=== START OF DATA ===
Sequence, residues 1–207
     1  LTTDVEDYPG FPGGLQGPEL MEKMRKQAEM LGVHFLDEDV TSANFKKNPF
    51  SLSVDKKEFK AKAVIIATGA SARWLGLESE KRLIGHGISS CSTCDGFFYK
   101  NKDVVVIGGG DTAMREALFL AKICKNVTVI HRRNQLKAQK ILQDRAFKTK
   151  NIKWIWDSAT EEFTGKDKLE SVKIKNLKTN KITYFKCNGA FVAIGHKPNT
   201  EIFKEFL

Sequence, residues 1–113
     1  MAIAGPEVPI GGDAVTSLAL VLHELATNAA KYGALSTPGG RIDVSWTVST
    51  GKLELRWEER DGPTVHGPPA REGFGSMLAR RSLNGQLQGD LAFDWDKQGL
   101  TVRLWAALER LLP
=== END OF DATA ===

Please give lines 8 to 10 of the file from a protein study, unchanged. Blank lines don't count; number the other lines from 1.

     1  MAIAGPEVPI GGDAVTSLAL VLHELATNAA KYGALSTPGG RIDVSWTVST
    51  GKLELRWEER DGPTVHGPPA REGFGSMLAR RSLNGQLQGD LAFDWDKQGL
   101  TVRLWAALER LLP